Backpass: In Reverse
The four-nil loss to Seattle looked a lot like some of the uglier moments from 2022. Is this a Rapids team heading in the wrong direction?
It was accidental, but prescient, that before beginning to write about week 1 of this 2023 MLS season, what with the excitement of the new Rapids with their new players and new MLS with their shiny Apple+ deal, I was busying trying to rescue articles off of SBNation/Vox site Burgundy Wave, where I was assistant editor from 2015 to 2018.
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While contemplating the Rapids thunderous defeat at the hands of a dominant Seattle Sounders side, I was also re-reading and downloading articles I had written about the Rapids in June, July, and August of 2015. For those that remember, this was the Juan Ramirez - Marcelo Sarvas- Dillon Powers - Lucas Pittinari Rapids. For those that don’t remember, the team won just two games from March 7 to July 4. The leading scorer, Kevin Doyle, had just 5 goals. The defense was so desperate they signed Sean St Ledger off of waivers after he had been suspended by his previous team for bad behavior. They finished dead last in the West.
In those early days of my writing, every team loss was covered with a 2000 word screed proclaiming the sky was falling. I was somewhat quicker to judge, although still less hyperbolic than your average message board fanatic, who wants the team to sit everyone and fire the manager, every week.
Still, it was hard not to watch this game and feel a sense of early panic. The Rapids were torn limb from limb in the opener, and only for the briefest of moments did they look like they belonged on the same pitch as Seattle.
Easily Pulled Apart
The Rapids were as supple to tear through as a slow-braised chicken. I saw maybe six or eight instances where Seattle was able to go through them, front to back, in about 10 seconds. The reverse happened to the Sounders maybe twice.
Let’s take a look at two such instances - we could look at more, but it wouldn’t be pretty, and also substack would tell me I’m hogging too many kilobytes.
First gif, minute four:
The throw-in from Keegan Rosenberry is turned over, as Jackson Ragen beasts Darren Yapi to win the ball. Joao Paulo plays it to Nouhou Tolo, turns himself around and gets headed forward, playing it up to winger Christian Roldan, who pings it back to Paolo.
The Rapids all this time still have ***eight*** players pressing into the final third, presumably attempting to win back the ball. But they haven’t closed off passes, nor are they marking tight to their man. Alex Roldan, the right back, is unmarked. He makes a daring run and Paolo picks him out perfectly. The Sounders have a 4v4 break. This series, in the 4th minute, resulted in a left footed shot for Roldan, a rebound, cross, and a failed volley over the bar from Héber. The two shots between them totaled an Expect Goals of 0.29.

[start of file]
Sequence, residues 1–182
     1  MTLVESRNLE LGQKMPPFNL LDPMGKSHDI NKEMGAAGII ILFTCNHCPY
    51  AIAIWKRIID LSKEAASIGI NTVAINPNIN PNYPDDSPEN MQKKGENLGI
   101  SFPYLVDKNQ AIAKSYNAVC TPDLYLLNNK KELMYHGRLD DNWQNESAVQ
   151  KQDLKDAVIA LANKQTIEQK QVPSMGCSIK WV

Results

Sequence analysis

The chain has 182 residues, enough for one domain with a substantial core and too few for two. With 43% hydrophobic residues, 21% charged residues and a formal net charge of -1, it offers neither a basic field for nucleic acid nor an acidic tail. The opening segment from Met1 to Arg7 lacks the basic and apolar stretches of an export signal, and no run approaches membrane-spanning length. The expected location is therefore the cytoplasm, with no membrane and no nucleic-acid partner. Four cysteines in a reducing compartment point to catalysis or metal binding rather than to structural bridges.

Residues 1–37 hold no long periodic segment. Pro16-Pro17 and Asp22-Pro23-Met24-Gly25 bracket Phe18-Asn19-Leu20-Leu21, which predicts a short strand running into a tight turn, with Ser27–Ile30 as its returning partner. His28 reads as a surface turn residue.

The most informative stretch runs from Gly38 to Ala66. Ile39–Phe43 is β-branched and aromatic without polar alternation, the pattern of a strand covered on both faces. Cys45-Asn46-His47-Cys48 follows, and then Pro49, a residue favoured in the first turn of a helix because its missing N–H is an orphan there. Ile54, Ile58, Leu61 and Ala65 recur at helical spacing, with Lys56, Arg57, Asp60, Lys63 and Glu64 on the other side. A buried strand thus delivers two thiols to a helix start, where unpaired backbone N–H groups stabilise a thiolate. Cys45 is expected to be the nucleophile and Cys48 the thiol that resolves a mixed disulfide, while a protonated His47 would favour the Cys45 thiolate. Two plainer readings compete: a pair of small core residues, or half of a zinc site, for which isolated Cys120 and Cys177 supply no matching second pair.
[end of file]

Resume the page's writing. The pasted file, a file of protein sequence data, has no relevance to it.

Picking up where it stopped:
The Rapids are so bunched up here that one pass cut out four defenders. This is acceptable if you are counterpressing - attempting the win back the ball quickly with the high press. I don’t think the Rapids are doing that. I think they’re lost.
Next gif, minute twenty-four:
This one is … kind of worse?
Sounders in possession in the 24th minute. Before the gif, this play actually started the same way as the last one - Sounders have regained in possession in their own end, Nouhou Tolo on the ball, Rapids pressing with (thankfully) just three players. Nouhou breaks lose and the Sounders shift it to their right side, which is where our gif begins. Yeimar Andradé steps past a charging Cole Bassett to neutralize him. Then he passes to Nico Lodeiro, as the heads of Michael Barrios and Ralph Priso whip around. The two of them didn’t close down Yeimar, or step into the passing lane, or mark Lodeiro. They’re simply cut out.
As he picks up the ball, Alex Gersbach, who had been watching Jordan Morris, is the only man to stop the ball. Now he’s got a choice: 1) stay with Morris and hope Priso can catch Lodeiro and shunt him outside, or 2) step to Lodeiro and make a tackle or force him into a turnover while hoping center back Andreas Maxsø is picking up Morris. He takes option 2. Lodeiro reads him like a book and unloads it to Morris. Maxsø has stepped the wrong way and Morris is all alone. Now the rest of back line - Rosenberry and Abubakar - both converge to defend the front post, leaving the back post empty. Morris floats the cross to Christian Roldan, who Rosenberry lost in the shuffle, and he puts home the second-try header for the go-ahead goal.
This all looked like a team out of sync - that didn’t know their roles - that didn’t know the plan, or if they did could not execute it. Goals are often the result of cascading failures where one blown defensive assignment leads to a series of unfortunate incidents. There were a lot of sequences where the Sounders needed one good pass to unlock their opponent, and they executed. These are just two. Considering the Sounders created six chances with an xG of 0.23 or greater (not counting the two chances that were saved and immediately rebounded for goals), this game could have been a 6-0 rout.